But this was before.
This was before the new era in Stone Harbor, born of the Nuns' Beach Surf Contest, now in its 19th year, this year Sept. 13, before the joyful if kooky massive branding of Nuns' Beach, with its Sister-insisted-upon plural possessive apostrophe and cartoons of the nuns on surfboards.
Before the daily devotion of Sister James Dolores and Sister Andrew Marie to selling Nuns' Beach merchandise out of the Villa Maria by the Sea garage on Second Avenue, like two aging Deadheads with leftover T-shirts who just can't let the tour end.
Buying the year's Nuns' Beach merchandise - suggested donations $15 for a shirt, $50 for a sweatshirt, $17 a hat - has become the singular ritual in this tony beach town.
"They're characters," says Brooke Iacono, who works at Pete Smith Surf shop on 96th. "They drop off T-shirts. We see them in restaurants and stuff."
Sister James, 77, is a willing mascot, though, who has managed to keep the 160-bedroom retreat house - built in 1937 on land purchased for $2,000 - financially solvent and in decent working order, in part through proceeds from the sale of Nuns' Beach hats, T-shirts, and towels. A former schoolteacher, she is the building's property manager. "We do pay taxes," she notes - a whopping $150,000 last year. "If I had the tax money, I wouldn't need the surf contest. It's a tremendous financial boost for us, to keep the place for us."
The hazy memory of this era of mutual respect and distance - when the sisters wore bathing suits to their knees and old-timer surfers such as Lafferty were mere lads - has yielded to a modern era of Stone Harbor surfer-sister synergy. "Pray for Surf," one of their more popular hats reads. Unlike at similar places - the Sisters of Charity retreat house in Ventnor, the nearby vacation home for the Archdiocese of Philadelphia, both sold - these sisters have not had to yield to the temptation of a buyer at their beachfront door.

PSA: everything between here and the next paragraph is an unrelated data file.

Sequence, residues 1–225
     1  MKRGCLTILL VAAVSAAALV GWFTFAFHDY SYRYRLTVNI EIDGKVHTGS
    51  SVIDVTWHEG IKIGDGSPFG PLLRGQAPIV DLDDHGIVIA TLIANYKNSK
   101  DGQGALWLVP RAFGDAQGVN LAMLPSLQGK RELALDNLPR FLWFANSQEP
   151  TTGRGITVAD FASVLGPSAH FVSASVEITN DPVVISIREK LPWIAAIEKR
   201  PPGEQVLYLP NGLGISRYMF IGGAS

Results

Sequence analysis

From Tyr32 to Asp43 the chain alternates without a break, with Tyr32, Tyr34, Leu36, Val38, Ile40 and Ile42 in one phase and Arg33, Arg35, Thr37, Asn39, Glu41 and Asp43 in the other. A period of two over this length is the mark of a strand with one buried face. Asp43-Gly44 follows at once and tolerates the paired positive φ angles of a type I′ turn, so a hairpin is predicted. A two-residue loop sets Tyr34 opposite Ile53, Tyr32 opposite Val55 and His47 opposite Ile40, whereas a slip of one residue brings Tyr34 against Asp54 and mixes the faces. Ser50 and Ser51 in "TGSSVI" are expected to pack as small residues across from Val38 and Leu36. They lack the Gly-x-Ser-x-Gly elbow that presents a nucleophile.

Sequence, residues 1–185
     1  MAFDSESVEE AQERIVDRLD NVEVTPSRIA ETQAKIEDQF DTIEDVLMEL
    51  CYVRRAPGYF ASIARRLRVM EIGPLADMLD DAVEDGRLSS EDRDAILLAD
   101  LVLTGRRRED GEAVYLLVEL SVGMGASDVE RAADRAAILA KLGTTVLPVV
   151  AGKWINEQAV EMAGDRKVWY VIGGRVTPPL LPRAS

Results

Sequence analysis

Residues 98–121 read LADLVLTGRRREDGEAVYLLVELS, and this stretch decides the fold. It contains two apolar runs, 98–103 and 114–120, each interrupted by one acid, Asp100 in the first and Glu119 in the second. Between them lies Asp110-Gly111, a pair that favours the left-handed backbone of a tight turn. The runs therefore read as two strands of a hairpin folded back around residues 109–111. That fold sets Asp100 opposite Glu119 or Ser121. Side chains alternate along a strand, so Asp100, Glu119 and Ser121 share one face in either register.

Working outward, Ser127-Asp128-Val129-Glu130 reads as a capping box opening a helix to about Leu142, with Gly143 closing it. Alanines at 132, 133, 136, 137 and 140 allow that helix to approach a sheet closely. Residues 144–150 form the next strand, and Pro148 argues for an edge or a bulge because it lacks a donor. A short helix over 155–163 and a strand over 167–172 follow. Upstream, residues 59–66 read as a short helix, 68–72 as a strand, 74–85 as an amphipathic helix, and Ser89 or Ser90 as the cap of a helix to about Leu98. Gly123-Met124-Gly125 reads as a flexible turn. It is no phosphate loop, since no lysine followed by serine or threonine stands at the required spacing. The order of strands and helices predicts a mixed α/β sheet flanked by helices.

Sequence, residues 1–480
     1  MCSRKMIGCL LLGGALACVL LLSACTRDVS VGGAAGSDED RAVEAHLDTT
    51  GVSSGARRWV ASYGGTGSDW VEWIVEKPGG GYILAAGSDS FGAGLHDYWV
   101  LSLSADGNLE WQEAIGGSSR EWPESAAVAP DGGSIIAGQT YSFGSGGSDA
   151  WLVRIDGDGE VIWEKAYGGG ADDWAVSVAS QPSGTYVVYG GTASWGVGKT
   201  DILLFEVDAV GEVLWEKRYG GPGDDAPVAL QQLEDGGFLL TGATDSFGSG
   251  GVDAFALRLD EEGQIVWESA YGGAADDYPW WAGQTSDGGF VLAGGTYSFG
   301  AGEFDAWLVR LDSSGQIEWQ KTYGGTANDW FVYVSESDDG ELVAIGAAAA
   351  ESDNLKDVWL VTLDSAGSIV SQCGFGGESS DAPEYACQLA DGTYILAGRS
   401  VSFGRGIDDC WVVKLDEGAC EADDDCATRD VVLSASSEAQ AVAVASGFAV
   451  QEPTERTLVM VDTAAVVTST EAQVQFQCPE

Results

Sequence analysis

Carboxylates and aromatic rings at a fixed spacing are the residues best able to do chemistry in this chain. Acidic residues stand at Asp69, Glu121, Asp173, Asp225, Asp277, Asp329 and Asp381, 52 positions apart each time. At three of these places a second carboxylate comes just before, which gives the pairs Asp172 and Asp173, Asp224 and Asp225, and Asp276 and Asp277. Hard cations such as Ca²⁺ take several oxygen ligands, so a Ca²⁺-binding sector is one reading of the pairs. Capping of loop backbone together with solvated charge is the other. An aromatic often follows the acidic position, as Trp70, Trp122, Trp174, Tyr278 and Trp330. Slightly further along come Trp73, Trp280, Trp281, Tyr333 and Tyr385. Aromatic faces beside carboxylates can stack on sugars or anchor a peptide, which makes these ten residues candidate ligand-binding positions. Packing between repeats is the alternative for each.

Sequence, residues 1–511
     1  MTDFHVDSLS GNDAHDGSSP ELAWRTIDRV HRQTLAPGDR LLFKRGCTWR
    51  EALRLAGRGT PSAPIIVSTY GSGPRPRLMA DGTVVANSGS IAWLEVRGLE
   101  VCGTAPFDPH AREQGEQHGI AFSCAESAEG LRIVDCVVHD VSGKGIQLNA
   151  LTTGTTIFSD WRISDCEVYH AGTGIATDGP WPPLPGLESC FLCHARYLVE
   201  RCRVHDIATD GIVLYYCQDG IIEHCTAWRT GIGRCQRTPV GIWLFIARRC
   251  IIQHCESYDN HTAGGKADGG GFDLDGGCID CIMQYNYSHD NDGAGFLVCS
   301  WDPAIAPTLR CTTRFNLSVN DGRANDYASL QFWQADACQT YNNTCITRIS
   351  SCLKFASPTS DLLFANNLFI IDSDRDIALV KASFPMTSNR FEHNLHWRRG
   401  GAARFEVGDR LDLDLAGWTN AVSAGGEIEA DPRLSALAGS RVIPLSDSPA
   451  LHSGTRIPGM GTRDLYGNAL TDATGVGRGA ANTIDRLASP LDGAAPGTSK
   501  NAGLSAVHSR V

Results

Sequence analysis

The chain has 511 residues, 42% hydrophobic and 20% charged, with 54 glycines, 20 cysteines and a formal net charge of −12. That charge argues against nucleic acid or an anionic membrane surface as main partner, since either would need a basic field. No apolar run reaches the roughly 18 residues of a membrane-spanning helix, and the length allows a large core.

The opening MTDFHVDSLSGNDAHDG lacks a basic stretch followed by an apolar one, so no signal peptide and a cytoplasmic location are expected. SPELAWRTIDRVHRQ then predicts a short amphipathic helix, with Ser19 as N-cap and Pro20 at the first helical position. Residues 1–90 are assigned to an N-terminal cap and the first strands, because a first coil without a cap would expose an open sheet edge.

Sister James and the others have been embraced by the people of Stone Harbor - from its typical affluent polo-shirted visitors to its super-wealthy benefactors who sponsor the Surf Contest to its summer celebrities such as former Eagle Ron Jaworski, in particular, a 12-year home owner in Stone Harbor who has made Sisters James and Andrew honorary Soul Sisters at his Philadelphia Soul games.
"We flew them to New Orleans for the Arena Bowl," said Liz Jaworski, Ron's wife. "That was a whole other story, having the nuns in New Orleans."
Somewhere, she says, there are photos of Sister James parading down Bourbon Street.
Sister James, a huge Eagles and Phillies fan who as a child prayed for spiritual guidance on whether to become the next Babe Ruth or a nun, is nobody's fool, though.
She recalls meeting Jaworski in Henny's in Stone Harbor and immediately saying: "How about when you froze on the field during Super Bowl XV?"
The sisters say the double garage that houses the merchandise store has given the nuns, part of the Sisters of the Immaculate Heart of Mary in Pennsylvania, a visibility and daily interaction with the people of Stone Harbor unusual for a Jersey Shore retreat house - especially one that hosts silent retreats all summer long, for more than 100 sisters at a time.
For some, it's a quick stop for this year's Nuns' Beach hat (this year's logo features Sisters James and Andrew refereeing the contest from a lifeguard stand; sadly, Molly Maguire, the Bichon dog that belongs to Joseph Maguire, a neighbor and longtime friend, but is often with Sister James, was left out this year). The logos are conceived by Sister James, drawn by Dick Ressel, an art teacher at Lancaster Catholic High School. A talented handyman and artist herself, Sister James painted the image onto the surfboard they are raffling.